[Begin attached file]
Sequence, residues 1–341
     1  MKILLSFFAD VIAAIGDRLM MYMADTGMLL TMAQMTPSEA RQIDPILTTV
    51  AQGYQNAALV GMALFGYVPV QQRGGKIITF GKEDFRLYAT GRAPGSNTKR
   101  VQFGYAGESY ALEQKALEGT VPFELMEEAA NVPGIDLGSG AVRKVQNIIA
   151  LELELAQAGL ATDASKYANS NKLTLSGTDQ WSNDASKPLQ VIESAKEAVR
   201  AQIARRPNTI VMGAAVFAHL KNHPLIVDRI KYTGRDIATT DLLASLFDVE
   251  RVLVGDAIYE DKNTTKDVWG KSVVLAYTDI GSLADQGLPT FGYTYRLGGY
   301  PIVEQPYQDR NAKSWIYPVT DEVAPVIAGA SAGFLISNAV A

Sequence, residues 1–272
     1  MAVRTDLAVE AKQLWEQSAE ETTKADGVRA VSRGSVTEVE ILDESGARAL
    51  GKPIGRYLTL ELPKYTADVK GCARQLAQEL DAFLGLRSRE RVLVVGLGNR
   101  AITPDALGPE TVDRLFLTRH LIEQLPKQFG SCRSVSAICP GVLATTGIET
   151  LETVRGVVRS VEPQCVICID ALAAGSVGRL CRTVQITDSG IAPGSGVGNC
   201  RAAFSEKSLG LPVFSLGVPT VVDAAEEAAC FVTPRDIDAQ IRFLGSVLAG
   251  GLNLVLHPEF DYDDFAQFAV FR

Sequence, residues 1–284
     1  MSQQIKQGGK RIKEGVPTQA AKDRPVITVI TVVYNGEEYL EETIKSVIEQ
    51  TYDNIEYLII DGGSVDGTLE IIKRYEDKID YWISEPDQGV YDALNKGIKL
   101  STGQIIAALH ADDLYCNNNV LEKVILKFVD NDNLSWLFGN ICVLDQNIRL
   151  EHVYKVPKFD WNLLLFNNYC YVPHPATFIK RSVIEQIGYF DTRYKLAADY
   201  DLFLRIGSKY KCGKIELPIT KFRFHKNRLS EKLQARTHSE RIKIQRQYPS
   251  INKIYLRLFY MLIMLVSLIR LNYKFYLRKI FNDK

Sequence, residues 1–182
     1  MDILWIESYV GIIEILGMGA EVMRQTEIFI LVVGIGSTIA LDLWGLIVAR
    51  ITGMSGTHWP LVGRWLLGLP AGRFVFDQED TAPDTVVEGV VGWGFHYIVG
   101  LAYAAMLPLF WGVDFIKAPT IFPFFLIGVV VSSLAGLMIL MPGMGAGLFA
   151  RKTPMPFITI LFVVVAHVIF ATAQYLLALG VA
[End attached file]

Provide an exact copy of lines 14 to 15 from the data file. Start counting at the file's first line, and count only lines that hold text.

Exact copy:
   201  RAAFSEKSLG LPVFSLGVPT VVDAAEEAAC FVTPRDIDAQ IRFLGSVLAG
   251  GLNLVLHPEF DYDDFAQFAV FR